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Posts tagged ‘Patriarchy’

The Ontario Superior Court struck down prostitution laws yesterday which decriminalized many of the restrictions around sex work and paved the way for other provinces to do the same thing.

It is generally seen as a progressive move that will allow sex workers to ply their trade in safer and more secure conditions.

I was interested to read my own views on prostitution from my archives: this is a column that was written 20 years ago, in early 1990. I have edited it slightly and added some links.

As many feminists do, I have mixed feelings around the whole issue of prostitution. I think it is the ultimate form of women’s oppression and I hate the thought of any woman being forced into it to make her living or feed her children.

Not only that, I reject many of the myths about prostitution. I don’t accept that very many women work as prostitutes by choice; I think, rather, it’s a severe lack of choice. I remind people constantly that life for most women who work as prostitutes bears no resemblance to the life of Jane Fonda’s character in Klute – the life of the so-called high-class call girl. Instead, most girls and women who work as prostitutes live a dangerous, often-violent life, under male control, on the edge of male-made laws.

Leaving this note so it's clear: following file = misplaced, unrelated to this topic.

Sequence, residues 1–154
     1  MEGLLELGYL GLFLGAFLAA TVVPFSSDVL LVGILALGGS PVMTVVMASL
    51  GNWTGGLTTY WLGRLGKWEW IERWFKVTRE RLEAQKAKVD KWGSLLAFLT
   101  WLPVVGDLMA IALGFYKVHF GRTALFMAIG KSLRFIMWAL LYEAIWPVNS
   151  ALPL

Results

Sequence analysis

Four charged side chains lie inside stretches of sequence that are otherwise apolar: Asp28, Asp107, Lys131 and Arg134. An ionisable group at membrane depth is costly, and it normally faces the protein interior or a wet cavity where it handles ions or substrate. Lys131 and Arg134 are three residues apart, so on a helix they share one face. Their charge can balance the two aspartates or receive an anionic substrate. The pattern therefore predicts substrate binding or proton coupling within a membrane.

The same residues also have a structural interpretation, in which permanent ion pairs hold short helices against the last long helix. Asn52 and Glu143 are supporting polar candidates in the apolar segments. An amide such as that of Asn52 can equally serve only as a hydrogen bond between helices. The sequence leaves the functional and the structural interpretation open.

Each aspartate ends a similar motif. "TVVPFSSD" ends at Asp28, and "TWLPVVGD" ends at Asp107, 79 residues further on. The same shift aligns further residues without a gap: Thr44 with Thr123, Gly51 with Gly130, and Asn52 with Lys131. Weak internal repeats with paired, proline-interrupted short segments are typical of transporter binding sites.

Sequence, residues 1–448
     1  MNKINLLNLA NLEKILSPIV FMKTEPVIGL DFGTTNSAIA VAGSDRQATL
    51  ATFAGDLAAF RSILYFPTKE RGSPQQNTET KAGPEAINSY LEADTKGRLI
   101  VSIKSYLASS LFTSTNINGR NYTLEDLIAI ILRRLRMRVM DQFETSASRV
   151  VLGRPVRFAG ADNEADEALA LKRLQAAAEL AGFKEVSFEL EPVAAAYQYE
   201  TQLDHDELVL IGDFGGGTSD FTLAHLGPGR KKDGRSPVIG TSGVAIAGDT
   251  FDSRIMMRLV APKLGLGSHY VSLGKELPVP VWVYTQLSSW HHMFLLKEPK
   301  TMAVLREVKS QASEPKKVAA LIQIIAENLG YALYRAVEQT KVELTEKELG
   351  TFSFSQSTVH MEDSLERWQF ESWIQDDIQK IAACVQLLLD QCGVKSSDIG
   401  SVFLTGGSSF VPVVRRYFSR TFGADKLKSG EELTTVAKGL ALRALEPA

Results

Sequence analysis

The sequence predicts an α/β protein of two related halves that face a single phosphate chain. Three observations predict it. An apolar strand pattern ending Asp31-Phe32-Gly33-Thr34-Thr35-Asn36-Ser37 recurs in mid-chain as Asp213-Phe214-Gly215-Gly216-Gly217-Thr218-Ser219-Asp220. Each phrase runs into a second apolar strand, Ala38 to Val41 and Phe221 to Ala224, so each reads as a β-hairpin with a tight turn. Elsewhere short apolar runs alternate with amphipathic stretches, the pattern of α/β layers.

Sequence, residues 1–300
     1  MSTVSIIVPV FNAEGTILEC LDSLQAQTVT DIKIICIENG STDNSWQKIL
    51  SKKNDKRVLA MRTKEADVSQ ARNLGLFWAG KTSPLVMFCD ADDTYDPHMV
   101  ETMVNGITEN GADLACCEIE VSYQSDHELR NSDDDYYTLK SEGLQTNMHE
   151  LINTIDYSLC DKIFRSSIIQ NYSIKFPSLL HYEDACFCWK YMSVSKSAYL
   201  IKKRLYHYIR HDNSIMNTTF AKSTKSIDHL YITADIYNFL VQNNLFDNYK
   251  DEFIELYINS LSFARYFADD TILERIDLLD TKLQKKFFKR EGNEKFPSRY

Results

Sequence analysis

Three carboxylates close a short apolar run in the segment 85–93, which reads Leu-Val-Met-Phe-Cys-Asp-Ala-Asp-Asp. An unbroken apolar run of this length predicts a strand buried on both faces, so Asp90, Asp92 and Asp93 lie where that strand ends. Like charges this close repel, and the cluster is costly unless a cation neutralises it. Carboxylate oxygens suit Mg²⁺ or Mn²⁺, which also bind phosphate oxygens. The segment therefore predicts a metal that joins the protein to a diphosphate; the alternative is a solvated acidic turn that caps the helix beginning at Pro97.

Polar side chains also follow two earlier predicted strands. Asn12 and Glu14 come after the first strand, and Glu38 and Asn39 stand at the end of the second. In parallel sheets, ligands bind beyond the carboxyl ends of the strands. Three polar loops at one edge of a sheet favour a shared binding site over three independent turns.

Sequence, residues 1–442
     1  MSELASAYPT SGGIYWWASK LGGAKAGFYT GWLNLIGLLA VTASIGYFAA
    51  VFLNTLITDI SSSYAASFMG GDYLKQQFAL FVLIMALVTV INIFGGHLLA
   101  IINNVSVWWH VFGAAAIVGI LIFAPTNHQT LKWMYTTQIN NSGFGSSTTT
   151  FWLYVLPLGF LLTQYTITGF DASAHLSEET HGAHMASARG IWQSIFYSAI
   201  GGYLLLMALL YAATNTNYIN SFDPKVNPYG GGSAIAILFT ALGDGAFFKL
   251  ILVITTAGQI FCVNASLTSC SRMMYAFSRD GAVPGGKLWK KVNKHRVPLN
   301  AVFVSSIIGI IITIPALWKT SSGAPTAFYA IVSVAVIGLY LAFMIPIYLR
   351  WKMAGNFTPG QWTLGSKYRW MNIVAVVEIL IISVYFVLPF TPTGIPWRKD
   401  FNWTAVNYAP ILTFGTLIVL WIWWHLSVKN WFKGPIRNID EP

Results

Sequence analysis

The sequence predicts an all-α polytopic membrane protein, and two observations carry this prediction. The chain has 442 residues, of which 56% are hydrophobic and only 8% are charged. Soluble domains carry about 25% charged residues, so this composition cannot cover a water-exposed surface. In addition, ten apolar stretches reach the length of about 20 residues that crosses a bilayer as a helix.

Some of these same doubts and mixed feelings are expressed in an article by Toronto feminist Susan Cole in a recent issue of the feminist newspaper Broadside. Susan has found herself in a conflicting position on occasion in conversation with women who work as prostitutes because she wants to believe them when they say prostitution is “just another job, just another skill – like typing” and yet her own instincts react strongly against the idea of women selling sex for a living.

In fact, Susan Cole has often been singled out by prostitutes’ rights groups as a personal whipping post, and has been assured that most women working as prostitutes simply want to be left alone to do their work in peace and safety and don’t want to hear theories of male dominance and patriarchy.

So Susan has recently come to a new conclusion about these conflicts. She’s decided that only ex-prostitutes can bridge the gap between “sex-critical feminists and prostitutes’ rights groups.” She decided this after meeting a representative of – in what must be THE acronym of the year – WHISPER: Women Hurt in Systems of Prostitution Engaged in Revolt. This is what the representative, Sarah Wynter, ex-prostitute, said:

We started to organize because the cultural mythology didn’t reflect the reality of our lives. I’m referring to the line that prostitution is a free choice; that it can be decontextualized from the patriarchal society we live in; that it can be fixed by unionizing it, legalizing, decriminalizing it; that the relationship between a pimp and a prostitute is a love relationship; that prostitutes are on the cutting edge of women’s sexual liberation and that prostitutes control tricks and rates of pay…